How to Use Gratitude to Combat Stress
Last week I wrote about the basics of both physical and mental self care. This week I’d like to build on that by focussing particularly on gratitude.
In order to be truly grateful, we must pause and reflect. The act of simply pausing to acknowledge is in itself valuable because it means we are living in the present. Most of the time, the kids I work with are both or either future focussed (worrying) or past focussed (replaying events, and usually not the good ones). Making a daily practice of gratitude links with the first strategy I work on with kids; learning to refocus on the small positive things as much or more than the negatives.
At this point in the year, they are used to coming in and starting our sessions by sharing one good thing that happened over the previous couple of days. Initially, a lot of kids really struggle with this, especially at the tween/teen stage of life, where from their point of view, the world can be a bleak place. The key is practice. Make it a habit.
As a group, we worked out a few different ways to work gratitude into their daily lives, based on what they enjoy and their learning styles.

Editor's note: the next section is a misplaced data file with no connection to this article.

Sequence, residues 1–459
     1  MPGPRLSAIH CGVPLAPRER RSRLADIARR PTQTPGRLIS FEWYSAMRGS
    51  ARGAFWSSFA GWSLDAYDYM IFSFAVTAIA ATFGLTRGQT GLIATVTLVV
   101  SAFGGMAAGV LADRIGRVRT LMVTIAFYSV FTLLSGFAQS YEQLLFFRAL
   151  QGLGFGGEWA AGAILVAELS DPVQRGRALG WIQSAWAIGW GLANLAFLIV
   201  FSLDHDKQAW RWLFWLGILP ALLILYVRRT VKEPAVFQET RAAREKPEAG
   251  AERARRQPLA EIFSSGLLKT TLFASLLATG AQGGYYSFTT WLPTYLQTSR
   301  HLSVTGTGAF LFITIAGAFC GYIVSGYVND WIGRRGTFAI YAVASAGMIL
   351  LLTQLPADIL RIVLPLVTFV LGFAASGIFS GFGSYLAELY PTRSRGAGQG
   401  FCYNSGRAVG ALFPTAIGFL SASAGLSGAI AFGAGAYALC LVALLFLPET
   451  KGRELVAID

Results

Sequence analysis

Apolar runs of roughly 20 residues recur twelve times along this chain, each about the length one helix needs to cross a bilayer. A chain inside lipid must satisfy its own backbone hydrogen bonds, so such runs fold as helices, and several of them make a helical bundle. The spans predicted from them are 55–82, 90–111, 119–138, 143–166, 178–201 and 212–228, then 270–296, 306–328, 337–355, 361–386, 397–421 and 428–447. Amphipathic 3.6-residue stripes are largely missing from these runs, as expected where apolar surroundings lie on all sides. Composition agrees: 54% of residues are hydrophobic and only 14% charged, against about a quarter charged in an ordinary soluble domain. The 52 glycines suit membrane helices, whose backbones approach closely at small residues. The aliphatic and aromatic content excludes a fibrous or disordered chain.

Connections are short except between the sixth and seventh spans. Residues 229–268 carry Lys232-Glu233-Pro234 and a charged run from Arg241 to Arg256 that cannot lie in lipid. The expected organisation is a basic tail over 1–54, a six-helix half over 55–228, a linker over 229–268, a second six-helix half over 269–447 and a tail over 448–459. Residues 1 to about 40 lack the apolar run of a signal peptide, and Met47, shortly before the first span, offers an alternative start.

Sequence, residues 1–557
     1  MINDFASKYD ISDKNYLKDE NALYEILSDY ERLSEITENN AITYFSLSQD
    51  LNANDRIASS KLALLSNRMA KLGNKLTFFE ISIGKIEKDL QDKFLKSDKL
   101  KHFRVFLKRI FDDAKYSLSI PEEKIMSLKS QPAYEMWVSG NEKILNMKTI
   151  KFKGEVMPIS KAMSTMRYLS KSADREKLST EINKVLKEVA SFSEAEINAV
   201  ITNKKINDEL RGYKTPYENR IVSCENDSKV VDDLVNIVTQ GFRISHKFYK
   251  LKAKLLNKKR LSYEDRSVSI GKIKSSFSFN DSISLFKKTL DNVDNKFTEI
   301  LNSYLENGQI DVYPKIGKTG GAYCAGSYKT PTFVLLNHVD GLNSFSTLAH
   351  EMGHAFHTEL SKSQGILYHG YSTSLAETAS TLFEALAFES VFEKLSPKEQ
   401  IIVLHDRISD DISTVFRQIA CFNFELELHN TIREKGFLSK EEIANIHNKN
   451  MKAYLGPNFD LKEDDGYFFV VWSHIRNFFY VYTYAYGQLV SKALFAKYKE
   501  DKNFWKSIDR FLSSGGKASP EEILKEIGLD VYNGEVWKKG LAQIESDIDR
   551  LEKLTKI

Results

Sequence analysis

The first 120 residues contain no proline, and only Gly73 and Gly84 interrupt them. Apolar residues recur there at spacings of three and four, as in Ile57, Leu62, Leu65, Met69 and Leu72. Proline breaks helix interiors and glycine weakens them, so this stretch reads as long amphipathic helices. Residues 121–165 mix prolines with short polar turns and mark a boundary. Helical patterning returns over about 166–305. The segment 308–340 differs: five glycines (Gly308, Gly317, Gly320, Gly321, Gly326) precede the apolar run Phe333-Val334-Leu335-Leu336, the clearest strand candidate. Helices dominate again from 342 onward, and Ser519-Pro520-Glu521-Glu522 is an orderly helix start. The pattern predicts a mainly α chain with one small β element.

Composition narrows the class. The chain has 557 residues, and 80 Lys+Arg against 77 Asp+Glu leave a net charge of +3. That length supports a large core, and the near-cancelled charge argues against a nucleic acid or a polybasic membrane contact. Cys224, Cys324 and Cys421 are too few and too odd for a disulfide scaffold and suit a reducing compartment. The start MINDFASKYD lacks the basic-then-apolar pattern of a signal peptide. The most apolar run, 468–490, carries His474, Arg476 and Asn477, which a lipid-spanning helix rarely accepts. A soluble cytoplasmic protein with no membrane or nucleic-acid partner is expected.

For my intrapersonal learners and list makers:
Writing a list of small good things every day (often before bed)
Write a letter to someone expressing why you appreciate them
For my artists and visual learners:
Write down small good things on any scrap of paper as they happen, and put them in a glass jar. Take out and read when needed
Draw a quick doodle or something to represent small good things at least once a day. If you enjoy drawing, this has a double benefit.
For my kinesthetic learners:
Take a daily gratitude walk/cycle/run/tree climb; the goal is to look for beauty, however, you define it.
Some kids added that taking pictures would reinforce this
For my interpersonal learners:
Gratitude visits; spend time with people who lift you up
Express to those people, in person, why you appreciate them
I think the key is that kids need to start with what they already enjoy and build that practice into a regular and purposeful habit. Making positive reflection a routine can have a profound impact on the emotional filter kids use to make sense of the world. Won’t we all benefit from a world where our youth and future leaders more naturally see possibility, rather than a liability.